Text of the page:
Public vs. Private investment in education

            When referring to this very important issue, there is not one economist familiar with the issue who does not mention Dr Gerhard Glomm’s groundbreaking academic research on the public vs private provision of education and on inequality.  One study worth mentioning is Glomm and Ravikumar (1992).  The main finding in this theoretical approach suggests that although income inequality declines more quickly under public education, private education yields greater per capita incomes unless the initial income inequality is sufficiently high clearly not as much the case in the United States and the developed world as it is in most of the developing world. 

A more statistical approach, Private Schools in the United States: A Statistical Profile with Comparisons to Public Schools by Peter Benson and Marilyn Miles McMillen draws the conclusions that private school students have a five percent higher graduation rate than public schools students and are 1.5 times as likely to apply for entrance to post-secondary education.  Private school students are more likely to graduate from college. Roman Catholic school students are twice as likely to graduate from college as public school students, while students of other private schools are 2.5 times as likely to graduate from college. Hispanic and African-American private school students are three times as likely to graduate from college (both Roman Catholic and other private school students).  Private schools cost less per student on average; yet, performance on standardized tests is higher in private schools than in public schools, although some may argue that average differences may be in part also not solely related to socioeconomic and home factors.

            When examining the data closely, it is easy to see that despite our public spending for education and retirement insurance increases, our standard of living has deteriorated.  The United Nations Human Development Index (HDI) indicates that the United States has fallen from the top 5 less than a decade ago to a less than stellar 13th place in 2007.  The HDI looks beyond GDP to a broader definition of well-being. The HDI provides a composite measure of three dimensions of human development: living a long and healthy life (measured by life expectancy), being educated (measured by adult literacy and gross enrolment in education) and having a decent standard of living (measured by purchasing power parity, PPP, income).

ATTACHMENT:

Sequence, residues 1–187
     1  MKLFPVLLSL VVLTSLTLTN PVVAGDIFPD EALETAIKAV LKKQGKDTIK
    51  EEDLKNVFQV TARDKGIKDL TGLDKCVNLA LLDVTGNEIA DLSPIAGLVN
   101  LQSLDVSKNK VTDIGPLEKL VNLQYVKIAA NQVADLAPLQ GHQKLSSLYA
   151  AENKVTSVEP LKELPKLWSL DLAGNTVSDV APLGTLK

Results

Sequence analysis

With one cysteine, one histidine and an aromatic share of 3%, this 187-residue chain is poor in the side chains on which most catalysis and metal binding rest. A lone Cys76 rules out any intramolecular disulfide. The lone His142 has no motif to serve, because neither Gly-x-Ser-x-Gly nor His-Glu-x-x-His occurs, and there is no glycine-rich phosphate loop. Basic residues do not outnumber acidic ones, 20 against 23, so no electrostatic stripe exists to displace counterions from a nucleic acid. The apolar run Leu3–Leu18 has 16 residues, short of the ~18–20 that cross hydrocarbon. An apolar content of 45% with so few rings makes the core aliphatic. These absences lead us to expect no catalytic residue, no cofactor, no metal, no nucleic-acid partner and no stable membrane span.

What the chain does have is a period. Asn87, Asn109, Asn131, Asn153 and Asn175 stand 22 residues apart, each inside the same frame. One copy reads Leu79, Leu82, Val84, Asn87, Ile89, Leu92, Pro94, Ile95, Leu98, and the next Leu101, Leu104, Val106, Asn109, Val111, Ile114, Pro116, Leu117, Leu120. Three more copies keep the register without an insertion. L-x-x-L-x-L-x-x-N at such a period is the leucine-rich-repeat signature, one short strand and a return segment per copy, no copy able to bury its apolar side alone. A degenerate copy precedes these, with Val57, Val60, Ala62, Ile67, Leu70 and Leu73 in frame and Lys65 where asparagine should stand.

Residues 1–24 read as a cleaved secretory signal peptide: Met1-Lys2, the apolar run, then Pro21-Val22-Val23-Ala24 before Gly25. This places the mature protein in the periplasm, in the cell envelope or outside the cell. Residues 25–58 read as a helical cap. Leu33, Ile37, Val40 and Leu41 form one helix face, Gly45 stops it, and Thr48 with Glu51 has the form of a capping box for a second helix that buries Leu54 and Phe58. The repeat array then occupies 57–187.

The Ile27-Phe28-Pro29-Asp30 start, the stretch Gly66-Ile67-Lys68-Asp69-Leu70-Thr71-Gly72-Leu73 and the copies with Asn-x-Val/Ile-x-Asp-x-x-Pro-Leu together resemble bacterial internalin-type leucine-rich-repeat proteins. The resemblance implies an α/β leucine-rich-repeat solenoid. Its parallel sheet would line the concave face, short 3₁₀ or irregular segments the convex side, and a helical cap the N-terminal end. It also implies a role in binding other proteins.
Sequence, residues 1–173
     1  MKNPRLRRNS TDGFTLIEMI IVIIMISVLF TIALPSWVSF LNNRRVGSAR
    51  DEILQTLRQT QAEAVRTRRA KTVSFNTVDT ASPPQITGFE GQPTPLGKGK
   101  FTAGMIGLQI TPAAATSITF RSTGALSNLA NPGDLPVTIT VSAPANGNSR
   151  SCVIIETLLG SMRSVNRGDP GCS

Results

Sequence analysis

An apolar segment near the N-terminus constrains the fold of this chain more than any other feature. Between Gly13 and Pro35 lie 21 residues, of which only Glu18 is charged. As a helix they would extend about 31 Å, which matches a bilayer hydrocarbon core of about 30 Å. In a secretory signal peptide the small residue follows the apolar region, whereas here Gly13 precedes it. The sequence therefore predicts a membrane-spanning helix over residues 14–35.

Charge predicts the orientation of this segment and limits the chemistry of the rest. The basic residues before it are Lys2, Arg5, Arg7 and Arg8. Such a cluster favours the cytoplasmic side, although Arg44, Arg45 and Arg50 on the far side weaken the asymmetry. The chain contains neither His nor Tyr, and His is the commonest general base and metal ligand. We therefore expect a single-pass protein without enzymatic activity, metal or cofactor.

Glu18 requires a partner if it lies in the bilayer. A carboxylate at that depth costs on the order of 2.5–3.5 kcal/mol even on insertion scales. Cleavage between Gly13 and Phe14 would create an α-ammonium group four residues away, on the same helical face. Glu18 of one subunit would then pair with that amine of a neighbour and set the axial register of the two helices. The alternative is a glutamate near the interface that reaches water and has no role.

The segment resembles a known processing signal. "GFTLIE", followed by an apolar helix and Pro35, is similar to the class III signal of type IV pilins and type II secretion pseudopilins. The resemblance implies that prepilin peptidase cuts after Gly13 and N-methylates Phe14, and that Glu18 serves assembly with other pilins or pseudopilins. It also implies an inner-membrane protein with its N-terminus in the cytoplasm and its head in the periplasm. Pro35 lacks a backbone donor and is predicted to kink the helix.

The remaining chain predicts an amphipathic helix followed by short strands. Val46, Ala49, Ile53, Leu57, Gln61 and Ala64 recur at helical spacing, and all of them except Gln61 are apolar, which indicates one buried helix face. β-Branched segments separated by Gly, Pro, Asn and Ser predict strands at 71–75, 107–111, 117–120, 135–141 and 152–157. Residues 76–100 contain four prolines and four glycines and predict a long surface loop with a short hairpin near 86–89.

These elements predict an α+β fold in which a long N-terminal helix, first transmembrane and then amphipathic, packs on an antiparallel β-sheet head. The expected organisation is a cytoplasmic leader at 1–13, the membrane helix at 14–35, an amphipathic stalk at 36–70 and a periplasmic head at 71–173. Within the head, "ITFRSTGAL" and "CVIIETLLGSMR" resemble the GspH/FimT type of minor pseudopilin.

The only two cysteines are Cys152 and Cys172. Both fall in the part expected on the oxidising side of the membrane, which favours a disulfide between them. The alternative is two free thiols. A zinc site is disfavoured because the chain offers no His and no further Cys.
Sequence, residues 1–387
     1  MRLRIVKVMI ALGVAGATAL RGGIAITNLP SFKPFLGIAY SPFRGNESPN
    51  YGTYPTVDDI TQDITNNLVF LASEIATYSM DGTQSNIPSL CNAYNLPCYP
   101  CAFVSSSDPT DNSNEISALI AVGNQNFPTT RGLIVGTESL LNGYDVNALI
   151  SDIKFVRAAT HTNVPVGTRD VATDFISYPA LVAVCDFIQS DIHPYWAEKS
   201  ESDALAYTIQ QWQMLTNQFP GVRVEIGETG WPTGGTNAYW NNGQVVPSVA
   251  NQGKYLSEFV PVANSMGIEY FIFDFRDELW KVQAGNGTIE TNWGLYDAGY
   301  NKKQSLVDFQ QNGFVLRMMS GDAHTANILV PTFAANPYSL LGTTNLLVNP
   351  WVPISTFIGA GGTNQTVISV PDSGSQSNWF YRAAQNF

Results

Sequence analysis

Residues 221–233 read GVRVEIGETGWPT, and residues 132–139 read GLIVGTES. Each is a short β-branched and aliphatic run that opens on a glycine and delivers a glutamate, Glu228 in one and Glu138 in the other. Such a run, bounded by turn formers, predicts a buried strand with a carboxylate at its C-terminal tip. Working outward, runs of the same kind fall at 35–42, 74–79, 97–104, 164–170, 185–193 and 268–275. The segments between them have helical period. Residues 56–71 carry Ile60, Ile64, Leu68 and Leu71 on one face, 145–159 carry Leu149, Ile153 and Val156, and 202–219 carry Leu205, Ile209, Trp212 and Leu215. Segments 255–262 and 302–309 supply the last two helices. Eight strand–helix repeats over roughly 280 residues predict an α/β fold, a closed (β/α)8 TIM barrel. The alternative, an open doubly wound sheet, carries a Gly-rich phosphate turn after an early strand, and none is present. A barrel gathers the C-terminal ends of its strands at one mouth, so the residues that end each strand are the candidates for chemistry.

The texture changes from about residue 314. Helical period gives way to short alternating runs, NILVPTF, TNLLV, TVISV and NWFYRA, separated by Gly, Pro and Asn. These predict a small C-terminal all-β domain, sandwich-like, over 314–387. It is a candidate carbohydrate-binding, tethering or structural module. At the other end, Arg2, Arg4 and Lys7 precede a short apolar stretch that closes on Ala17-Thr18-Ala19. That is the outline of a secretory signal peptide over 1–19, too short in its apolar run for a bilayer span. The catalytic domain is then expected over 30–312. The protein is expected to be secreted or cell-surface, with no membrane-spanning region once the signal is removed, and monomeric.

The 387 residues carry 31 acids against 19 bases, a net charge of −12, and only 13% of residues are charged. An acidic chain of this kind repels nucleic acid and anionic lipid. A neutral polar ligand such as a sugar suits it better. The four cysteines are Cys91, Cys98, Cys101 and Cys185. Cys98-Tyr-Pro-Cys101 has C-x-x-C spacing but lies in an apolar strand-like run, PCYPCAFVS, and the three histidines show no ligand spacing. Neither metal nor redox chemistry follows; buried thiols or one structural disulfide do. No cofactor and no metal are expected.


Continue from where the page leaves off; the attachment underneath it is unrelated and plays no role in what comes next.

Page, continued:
To be continued…

References

Benson Peter and McMillen Marilyn Miles.  “Private Schools in the United States: A Statistical Profile with Comparisons to Public Schools.” Washington, DC: U.S. Department of Education, Office of Educational Research and Improvement, National Center for Education Statistics, 1991.

Bernheim B. Douglas & Skinner Jonathan & Weinberg Steven “What Accounts for the Variation in Retirement Wealth among U.S. Households?.” American Economic Review, American Economic Association, vol. 91(4). 2001

Devereux Michael B. and Love David R.F. “The Dynamic effects of government spending policies in a two-sector endogenous growth model.” Journal of Money, Credit and Banking Vol 27, No 1. 1995.

Feldstein, Martin S. “Social Security and Private Savings: International Evidence in an Extended Life-Cycle Model.” The Economics of Public Services an International Economic Association Conference Volume, Boston, MA: Harvard UP, 1977.

Glomm Gerhard and Ravikumar B. “Public versus Private Investment in Human Capital: Endogenous Growth and Income Inequality.” The Journal of Political Economy, Vol. 100, No. 4. 1992.

Prescott E. “why do Americans work so much more than Europeans?.”  Federal Reserve Bank of Minneapolis Quarterly Review Vol. 28, No. 1. 2004.